Materials, Evaporation, and Surface Tension
Date: Summer 2012
I am running a summer enrichment science camp. Every day we clean up and place the labware into the dish washer. Sometimes we have extra, and we need to run a second load the next morning. The loads are primarily plastics, glass, and metals. The students have noticed that at the end of the cycle (we do not use the dry cycle), the glassware (ceramics) are nearly dry, while the metals might have a small amount of water on them and the plastics are downright wet. When we put the utensils on a drying rack, the plastics are still wet many hours later, while the other materials are dry. My students have asked many questions that I have been able to direct them to answers or experiments, which we do. This is fun. The stumper question that I do not know enough to direct them to an experiment follows: Does the water evaporation rate differ due to different surface tensions of the different materials?
I suspect that the contact angle between the water and the substrate will be important. The greater the angle, the thicker the bead of water, which will make it take longer to evaporate. I think that the more hydrophobic substrates will give greater contact angles.
Richard E. Barrans Jr., Ph.D., M.Ed.
Department of Physics and Astronomy
University of Wyoming
There are two possibilities here: that more liquid adheres to particular materials, or - as you suggested - evaporation is quicker from particular surfaces. In both cases it is a question of water adhesion to a surface ... but I suspect that liquid adhesion is more important than evaporation.
Adhesion would mean that the surface activity - a combination of physical and chemical factors - of the different substances allow different amounts of water to stick. Physical factors involve the relative smoothness of a surface (rougher surfaces, particularly at the molecular level, would allow water molecules to be trapped - these water molecules would then hold on to other water molecules by hydrogen bonding). Chemical factors involve the substance having similar intermolecular forces as water so that the substance and water attract each other strongly.
Since evaporation occurs at the surface of the liquid (boundary to air) rather than at the liquid to solid material boundary, the material may have very little to do with the evaporation rate until the liquid bubble gets very small and very close to the material.
I like your approach of having the students design experiments to make determinations. So maybe, this is a good opportunity to have them decide what are the important factors and design experiments accordingly. Hopefully, they will decide that to test for adhesion differences, they could dunk samples - of equal surface area - in water and then measure the mass differences. Hopefully, to test for rate of evaporation, they will add droplets of water on different surfaces and weigh the samples periodically and see if the mass loss is different over time.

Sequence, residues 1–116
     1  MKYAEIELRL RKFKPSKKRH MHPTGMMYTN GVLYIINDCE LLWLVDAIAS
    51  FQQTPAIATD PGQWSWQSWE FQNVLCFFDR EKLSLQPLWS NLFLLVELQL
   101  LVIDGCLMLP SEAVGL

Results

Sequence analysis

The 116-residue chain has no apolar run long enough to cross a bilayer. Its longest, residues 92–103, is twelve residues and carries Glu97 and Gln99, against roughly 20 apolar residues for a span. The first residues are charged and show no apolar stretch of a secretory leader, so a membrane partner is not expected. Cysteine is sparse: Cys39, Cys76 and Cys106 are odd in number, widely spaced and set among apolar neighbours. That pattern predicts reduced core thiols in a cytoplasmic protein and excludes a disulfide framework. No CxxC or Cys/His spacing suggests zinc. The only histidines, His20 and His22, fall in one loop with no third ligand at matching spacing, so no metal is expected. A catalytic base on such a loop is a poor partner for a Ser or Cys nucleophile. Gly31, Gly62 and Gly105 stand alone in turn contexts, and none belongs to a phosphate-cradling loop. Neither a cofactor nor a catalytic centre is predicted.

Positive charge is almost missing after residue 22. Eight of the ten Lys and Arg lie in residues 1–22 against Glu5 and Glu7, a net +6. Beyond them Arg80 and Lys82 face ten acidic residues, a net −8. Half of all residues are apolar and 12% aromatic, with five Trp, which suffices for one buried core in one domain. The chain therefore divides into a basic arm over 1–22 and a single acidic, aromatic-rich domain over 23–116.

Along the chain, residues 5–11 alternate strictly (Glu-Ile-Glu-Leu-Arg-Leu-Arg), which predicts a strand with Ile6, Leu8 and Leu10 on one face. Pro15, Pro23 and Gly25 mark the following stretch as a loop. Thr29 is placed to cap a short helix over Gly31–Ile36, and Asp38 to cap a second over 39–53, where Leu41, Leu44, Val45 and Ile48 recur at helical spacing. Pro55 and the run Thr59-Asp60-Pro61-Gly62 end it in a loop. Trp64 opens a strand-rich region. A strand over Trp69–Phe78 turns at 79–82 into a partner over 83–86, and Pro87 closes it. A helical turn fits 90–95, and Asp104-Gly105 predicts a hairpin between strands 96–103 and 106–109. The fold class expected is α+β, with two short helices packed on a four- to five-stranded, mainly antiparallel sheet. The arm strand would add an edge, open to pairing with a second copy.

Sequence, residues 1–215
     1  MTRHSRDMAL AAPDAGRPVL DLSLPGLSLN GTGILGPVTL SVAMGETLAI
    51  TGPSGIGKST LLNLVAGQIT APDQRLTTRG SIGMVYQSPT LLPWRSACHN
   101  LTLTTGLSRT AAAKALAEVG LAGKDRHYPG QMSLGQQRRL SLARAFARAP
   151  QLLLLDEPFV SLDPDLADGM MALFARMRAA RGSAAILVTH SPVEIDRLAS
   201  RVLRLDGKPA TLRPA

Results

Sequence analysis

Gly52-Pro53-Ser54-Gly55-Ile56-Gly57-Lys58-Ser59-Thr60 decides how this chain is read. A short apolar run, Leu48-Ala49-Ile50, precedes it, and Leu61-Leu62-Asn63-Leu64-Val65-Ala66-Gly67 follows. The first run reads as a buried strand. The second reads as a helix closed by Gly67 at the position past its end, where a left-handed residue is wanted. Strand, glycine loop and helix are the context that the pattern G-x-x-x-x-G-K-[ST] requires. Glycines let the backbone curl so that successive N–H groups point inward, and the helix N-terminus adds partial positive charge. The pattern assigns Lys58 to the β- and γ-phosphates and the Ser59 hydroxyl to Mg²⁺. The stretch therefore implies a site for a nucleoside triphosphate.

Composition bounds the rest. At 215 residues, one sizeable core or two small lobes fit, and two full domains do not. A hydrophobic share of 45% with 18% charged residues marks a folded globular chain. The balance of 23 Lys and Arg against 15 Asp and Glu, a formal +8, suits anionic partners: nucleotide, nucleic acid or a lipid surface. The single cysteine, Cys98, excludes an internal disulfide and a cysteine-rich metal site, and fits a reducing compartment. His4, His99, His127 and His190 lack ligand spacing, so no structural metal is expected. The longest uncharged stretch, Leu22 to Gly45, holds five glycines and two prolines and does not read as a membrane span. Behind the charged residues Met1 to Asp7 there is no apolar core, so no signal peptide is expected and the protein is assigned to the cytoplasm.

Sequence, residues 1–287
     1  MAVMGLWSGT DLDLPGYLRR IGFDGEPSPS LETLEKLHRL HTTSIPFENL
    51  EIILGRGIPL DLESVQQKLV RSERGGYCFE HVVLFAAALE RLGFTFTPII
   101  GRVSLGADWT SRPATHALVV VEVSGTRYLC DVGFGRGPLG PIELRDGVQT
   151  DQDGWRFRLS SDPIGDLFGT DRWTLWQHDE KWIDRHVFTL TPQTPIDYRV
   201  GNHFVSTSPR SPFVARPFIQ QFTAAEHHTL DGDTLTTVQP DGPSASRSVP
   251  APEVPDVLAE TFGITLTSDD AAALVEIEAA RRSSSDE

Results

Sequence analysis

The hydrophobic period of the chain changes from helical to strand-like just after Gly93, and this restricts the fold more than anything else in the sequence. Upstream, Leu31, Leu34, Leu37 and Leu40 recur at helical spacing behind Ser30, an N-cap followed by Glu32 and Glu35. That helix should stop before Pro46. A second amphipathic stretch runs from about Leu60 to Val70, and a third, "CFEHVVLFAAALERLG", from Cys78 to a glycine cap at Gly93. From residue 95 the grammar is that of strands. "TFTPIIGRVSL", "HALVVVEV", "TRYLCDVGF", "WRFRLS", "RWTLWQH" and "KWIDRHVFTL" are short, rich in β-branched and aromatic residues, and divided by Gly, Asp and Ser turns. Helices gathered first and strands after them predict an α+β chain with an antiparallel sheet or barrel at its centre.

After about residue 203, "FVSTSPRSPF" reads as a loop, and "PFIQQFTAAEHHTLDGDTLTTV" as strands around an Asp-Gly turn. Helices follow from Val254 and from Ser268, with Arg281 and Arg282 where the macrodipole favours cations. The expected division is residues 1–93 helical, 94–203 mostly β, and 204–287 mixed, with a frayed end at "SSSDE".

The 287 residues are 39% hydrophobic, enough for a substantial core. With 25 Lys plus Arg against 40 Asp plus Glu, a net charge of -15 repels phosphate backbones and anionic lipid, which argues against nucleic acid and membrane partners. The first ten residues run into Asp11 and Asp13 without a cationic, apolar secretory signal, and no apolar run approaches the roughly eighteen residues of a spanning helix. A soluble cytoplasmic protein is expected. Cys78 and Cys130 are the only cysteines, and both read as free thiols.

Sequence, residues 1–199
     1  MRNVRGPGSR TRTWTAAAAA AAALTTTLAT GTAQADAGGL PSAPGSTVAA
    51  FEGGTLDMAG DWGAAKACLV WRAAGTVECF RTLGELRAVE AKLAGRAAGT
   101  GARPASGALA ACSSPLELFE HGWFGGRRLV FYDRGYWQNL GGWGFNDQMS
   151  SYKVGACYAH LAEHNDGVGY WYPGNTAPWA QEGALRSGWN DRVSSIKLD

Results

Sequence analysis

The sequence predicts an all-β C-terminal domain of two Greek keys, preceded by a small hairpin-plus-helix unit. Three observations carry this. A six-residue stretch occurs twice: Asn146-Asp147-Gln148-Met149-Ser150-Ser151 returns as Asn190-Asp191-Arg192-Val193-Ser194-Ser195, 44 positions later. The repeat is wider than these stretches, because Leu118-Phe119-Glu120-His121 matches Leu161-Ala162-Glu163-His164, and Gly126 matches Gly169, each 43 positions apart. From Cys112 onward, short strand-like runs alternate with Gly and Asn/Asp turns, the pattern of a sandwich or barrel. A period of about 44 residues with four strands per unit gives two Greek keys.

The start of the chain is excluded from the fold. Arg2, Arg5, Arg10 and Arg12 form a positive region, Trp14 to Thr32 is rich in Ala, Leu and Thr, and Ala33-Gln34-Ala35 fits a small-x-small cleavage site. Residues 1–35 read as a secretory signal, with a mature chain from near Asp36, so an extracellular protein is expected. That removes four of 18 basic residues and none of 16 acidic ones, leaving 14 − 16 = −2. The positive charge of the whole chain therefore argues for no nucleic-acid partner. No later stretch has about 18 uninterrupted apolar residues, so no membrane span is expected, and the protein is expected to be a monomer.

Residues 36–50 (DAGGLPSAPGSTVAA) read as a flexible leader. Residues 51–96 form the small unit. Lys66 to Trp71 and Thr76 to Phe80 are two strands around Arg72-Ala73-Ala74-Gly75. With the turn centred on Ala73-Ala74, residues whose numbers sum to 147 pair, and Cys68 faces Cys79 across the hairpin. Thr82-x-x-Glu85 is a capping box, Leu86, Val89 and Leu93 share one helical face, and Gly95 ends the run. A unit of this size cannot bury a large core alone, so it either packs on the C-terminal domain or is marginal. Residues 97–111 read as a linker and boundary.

Greg (Roberto Gregorius)
The main reason why some articles come out of the dishwasher dry
and others are still wet, is that some materials have a higher Specific
Heat than others. The Specific Heat of a material is the amount of heat
per unit mass (for example, for 1 gram of a material) needed to raise
its temperature 1 degree Celsius.
Conversely, this means that an object made of a high Specific Heat
material, when heated, will need to dissipate more of its heat in order
to cool down, and thus stay hotter for longer.
Plastic has a very low specific heat, so will cool fast and thus will stay
hot for a relatively short time. Since it will stay hot for only a
water on its surface will not have time to evaporate before it cools off.
Ceramic and glass materials have a higher Specific Heat, so they will
remain hot and cool off more slowly. Since they have more heat to get
rid of, they will have more time to evaporate the water on their surface
before they finally cool.
Metals generally have a Specific Heat value somewhere between
plastics and ceramics.
It is important in this context not to confuse "heat" with "temperature"!
In your case, you are heating ceramic objects and plastic objects to
the same temperature. But once heated to the same temperature, the
ceramic objects contain more heat and therefore cool down more
slowly. But nothing is for free! These same ceramic objects, because
ceramic has a high Specific Heat, took longer to reach the
temperature in the dishwasher, and absorbed more heat to reach this
same temperature. So, in absorbing more heat, they take longer to get
hot, and therefore longer to liberate this heat when they cool off.
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Update: November 2011